Dispatches > The Buzz


Issue: "A patient nation," Oct. 13, 2001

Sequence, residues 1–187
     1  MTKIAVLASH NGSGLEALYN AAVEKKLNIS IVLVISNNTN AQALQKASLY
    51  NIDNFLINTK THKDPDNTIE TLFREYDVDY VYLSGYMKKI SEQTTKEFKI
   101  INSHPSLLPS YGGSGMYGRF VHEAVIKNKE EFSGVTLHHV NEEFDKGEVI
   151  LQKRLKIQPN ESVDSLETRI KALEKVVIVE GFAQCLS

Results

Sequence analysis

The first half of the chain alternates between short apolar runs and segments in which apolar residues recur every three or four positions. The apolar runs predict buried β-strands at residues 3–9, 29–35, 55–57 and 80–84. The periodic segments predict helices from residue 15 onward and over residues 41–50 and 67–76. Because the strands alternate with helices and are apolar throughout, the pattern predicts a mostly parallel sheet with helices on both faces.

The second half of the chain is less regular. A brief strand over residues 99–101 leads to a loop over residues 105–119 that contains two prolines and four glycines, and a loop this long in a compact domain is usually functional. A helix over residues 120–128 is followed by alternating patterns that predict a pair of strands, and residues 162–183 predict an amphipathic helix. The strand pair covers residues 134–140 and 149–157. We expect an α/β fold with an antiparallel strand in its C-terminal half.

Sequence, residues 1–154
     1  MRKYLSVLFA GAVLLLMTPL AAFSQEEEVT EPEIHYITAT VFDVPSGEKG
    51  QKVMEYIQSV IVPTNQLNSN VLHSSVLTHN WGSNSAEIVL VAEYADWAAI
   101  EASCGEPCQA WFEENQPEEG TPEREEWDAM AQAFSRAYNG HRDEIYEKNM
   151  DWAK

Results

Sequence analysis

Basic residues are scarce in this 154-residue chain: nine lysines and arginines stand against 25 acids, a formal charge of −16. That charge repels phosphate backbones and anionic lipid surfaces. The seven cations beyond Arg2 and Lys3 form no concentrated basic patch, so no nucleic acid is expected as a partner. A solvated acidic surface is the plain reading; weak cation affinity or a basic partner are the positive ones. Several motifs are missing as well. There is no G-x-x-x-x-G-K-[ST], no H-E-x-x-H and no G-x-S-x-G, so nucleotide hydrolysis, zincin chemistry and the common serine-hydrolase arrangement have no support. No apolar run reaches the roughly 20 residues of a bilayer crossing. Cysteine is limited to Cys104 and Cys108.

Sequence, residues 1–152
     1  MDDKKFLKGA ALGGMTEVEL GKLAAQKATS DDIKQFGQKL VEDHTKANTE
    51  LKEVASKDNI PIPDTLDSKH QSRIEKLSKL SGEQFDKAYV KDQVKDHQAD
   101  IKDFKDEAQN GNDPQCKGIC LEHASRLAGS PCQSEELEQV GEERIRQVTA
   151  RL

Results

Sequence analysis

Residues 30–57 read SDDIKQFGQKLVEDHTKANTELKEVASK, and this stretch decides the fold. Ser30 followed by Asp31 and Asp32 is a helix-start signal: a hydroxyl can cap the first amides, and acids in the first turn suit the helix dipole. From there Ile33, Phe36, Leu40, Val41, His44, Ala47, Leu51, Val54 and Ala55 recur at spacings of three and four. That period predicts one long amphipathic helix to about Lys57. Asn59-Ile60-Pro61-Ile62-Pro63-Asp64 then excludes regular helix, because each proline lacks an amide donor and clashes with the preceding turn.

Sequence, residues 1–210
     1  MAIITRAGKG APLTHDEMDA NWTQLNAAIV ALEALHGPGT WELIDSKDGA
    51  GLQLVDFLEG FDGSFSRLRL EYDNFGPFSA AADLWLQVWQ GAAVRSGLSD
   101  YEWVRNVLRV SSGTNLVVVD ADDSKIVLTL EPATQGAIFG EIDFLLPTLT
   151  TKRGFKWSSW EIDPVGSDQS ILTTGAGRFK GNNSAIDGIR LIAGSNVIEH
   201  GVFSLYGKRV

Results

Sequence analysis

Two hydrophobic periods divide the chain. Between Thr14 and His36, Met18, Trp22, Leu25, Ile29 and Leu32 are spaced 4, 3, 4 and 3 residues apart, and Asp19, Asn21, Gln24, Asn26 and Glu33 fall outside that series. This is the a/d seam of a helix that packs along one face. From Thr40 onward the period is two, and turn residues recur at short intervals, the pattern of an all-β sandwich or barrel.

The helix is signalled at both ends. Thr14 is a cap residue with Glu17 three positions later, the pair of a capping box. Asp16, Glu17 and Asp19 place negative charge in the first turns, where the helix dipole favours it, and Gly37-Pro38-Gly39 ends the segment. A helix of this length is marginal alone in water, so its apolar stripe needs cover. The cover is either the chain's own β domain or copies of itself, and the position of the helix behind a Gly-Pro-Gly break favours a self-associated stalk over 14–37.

BLAME THE TERRORISTS: Since the 9/11 attacks, many Muslims and people of Middle Eastern descent have complained about discrimination and even racial profiling. This is a necessary evil, writes Muslim writer Marlon Mohammed in the Los Angeles Times. He said he was especially outraged that the terrorists tried to pass as assimilated immigrants while plotting horrors. So the "hostile stares from strangers" should be met with "empathy and mercy." Mr. bin Laden apparently trained his goons to act normal to avoid suspicion, Mr. Mohammed points out. "If you found out that a criminal was pretending to be you while committing murder in your community, who would you be most angry with?" he asks. "The victimized people in your community? Or the man using your identity to commit the murders?" OSAMA'S USEFUL IDIOTS: The peaceniks are back. When the Cold War ended, left-wing pacifism went into dormancy as activists preferred to complain about "globalization." Many of Manhattan's bohemians have taken up the old cause, as Rod Dreher writes in the New York Post. "If liberty had to depend on most of the young people I spoke to in Washington Square Park the other day," he argues, "we'd all be answering to Osama by Christmas." Mr. Dreher wrote of finding one college-age youth after another who said he would be unwilling to fight in a war. "Man, we're in the Village," one of them said in the city's famous Greenwich Village. "I don't know anyone who would go, even if there were a draft." Mr. Dreher concludes on a down note, characterizing this attitude as decadence that leaves us with no moral ground against the terrorists: "You could have gone into Washington Square Park in December 1941 and found plenty of liberal young men who were willing to go fight Tojo and Hitler, neither of whom had done what Osama bin Laden did." A DRY COMEDY WELL? So where does American comedy go from here? "Will being 'funny' in America ever be the same?" wondered Daniel Wood and Gloria Goodale in the Christian Science Monitor. They noted that the 9/11 disaster is the kind of titanic event that alters society and popular opinion. "Such a shift may be starting now, if only gradually," they say. The obvious examples of change are how late-night talk shows and other comedy programs abruptly dropped their facades of irony. Mr. Wood and Ms. Goodale said that many writers are rethinking their approach. They quote Comedy Central's Daily Show, saying "For a lot of us, irony had long ago been reduced to a cynicism whose well had pretty much run dry." The pair do not stretch their insight far enough to wonder whether our mass culture is preparing to drop its adversary stance, which often treats middle American norms as repugnant and backward. MORE GUNS, LESS TERRORISM: That's what scholar John Lott writes in The Wall Street Journal. Airport screening and other efforts are likely inadequate and "the only adequate response is to encourage more ordinary, responsible citizens to carry guns." Mr. Lott believes sky marshals are a good idea-and a main reason for the dearth in hijackings from the 1970s until last month-but the staffing problem is tremendous. "To put just one marshal aboard every daily flight in the U.S. would require at least 35,000 officers-far more than currently work for the FBI, Secret Service, and U.S. marshals combined (17,000)," he wrote. The American Enterprise Institute scholar wrote that crafty terrorists will outwit most security precautions. Even bolting cockpit doors isn't foolproof; after all, pilots sometimes have to go the bathroom. The only adequate answer is more firepower. "True, some terrorists are suicidal, but they still want to cause maximum carnage," Mr. Lott writes, and they won't be able to do that if they're thwarted by an armed "victim." Pilots should be armed, Mr. Lott believes, and law-enforcement officers should be allowed to carry guns on planes. He said that the fear of guns on planes is exaggerated and that even if regular bullets went off, "the worst-case outcome would simply be to force the plane to fly at a lower altitude, where the air pressure is higher."

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